I started this blog almost six months ago, at the end of September 2012, because I was supposed to. It’s the “writer” thing to do.
For non-fiction writers, a blog is another venue for establishing platform which, in turn, helps sell books. For fiction writers, like me, we don’t really have “platforms” the same way that the non-fics do (despite the title of my blog). But if I can develop a readership for my writing, I can then go to an agent and say, “I’ve written a manuscript…, and oh, btw, I have a blog with X-amount of followers, and I get XX hits a month.” This sets off a light bulb for an agent, because if he likes the manuscript, he knows he has a little something-extra to help sell it to a publisher: blog stats are quantifiable.
Business people (i.e. publishing company execs) love things that are concrete and quantifiable because they can be translated into dollar figures. Publishers know that an author’s good blog-following equals a certain-percentage of already-sold books. (For example, if an author has 3,000 followers and 20,000 hits a month, it’s going to guarantee at least 1,000 books sold. Or something like that.)
So for right now, that’s one of the reasons I’m here. I’m playing around, trying to find my correct blogging niche, which might, one day, help me sell my books. I try to be as real and approachable as possible, but I’m showing you my “public” persona — you know, the one I play at dinner parties or when I volunteer at my kids’ school. Me, but dressed-up and wearing makeup. I actually disclose very little about what goes on behind the silk curtain.
But there are those among us who have not only pulled the curtain aside — they’ve torn it down, shredded it, and thrown it away. They’re walking around the dinner party with no makeup on. And they’re naked.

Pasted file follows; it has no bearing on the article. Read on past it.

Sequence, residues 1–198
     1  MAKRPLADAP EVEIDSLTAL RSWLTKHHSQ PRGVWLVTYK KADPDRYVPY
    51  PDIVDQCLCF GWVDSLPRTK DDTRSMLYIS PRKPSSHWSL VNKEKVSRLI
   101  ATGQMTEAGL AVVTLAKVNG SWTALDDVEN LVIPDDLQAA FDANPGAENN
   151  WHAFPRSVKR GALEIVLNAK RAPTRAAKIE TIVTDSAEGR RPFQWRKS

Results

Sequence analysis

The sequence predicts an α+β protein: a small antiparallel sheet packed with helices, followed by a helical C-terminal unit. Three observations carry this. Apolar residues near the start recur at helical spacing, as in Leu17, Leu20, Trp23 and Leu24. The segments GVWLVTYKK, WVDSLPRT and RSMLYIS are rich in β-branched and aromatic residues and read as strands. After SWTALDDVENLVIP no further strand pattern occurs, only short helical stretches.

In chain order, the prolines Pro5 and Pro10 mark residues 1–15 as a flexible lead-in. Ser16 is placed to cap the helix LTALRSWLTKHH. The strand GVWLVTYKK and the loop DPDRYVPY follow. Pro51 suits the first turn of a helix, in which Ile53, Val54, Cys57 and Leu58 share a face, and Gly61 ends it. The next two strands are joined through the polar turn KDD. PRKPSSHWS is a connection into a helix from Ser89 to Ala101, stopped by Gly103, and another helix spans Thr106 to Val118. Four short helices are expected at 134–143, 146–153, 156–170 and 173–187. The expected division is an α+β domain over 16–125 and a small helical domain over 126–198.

You know who I’m talking about: the anonymous bloggers.
Some choose the path of anonymity for the complete sense of freedom that it provides — the ability to pour out one’s heart and soul, in whatever manner it comes tumbling forth, without fear of being judged by anyone who knows them. Sometimes writers are afraid of criticism of their work at this stage in the game, or of backlash because their genre would be frowned-upon by family and/or friends. Writing anonymously emboldens them to let the muse out, in whatever form she takes, and to get past their fears.
But many other anonymous blogs are written by people who are not necessarily “writers,” and who are going through difficult, often painful times in their lives. Their blogs read like online diaries — not your average dinner-party chatter. Probably not stuff they can discuss with their co-workers. Maybe not even their neighbors. In some cases, not even their best friend.
Yet I submit to you that it is these blogs, in all of their raw, unedited glory, that are among some of the best writing in the blogosphere.
The authors expose parts of themselves that, perhaps, they are unable to show in any other way. I’ve read post after post on which whole hearts and souls were bled open. The Anonymouses parade their ripped, dirty laundry with unabashed abandon for the whole world to see, holding it up to point out the various stains. “This is the one where I was raped.” “This is where my mom became an alcoholic.” “This is where my child died and I started doing drugs.” “This is the one from when I cheated on my wife.” “These are the ones from where I’m still cheating on her.” In some cases the authors are proud of themselves. Mostly, though, they express the deepest levels of doubt, anger, fear…. Guilt, shame, humiliation…. Despair…. But the common thread running through all seems to be an elemental quest for answers and meaning. Truth.
Unless they are blogging under a pen name that they intend to use when publishing, there is no business reason (read, “no potential financial incentive”) for them to be doing what they’re doing. It’s all personal. These blogs read like stories, the most intimate glimpses into the darkest corners of the human soul, and I find myself cheering for each and every one who is brave enough to put himself or herself out there in this way. The blogs, themselves, become like giant, interactive diaries, and I’m constantly impressed at the decorum and restraint shown by commenters, whether or not they agree with the actions and ideas of the blog’s author, and the openness with which the authors respond to the different points of view presented to them.
If you haven’t yet discovered the hidden gems of anonymous blogs, you might want to treat yourself to a WordPress search. Just type in a topic of interest, and spend an afternoon with a fascinating real-life read. And who knows? You might even find one that resonates with something inside you.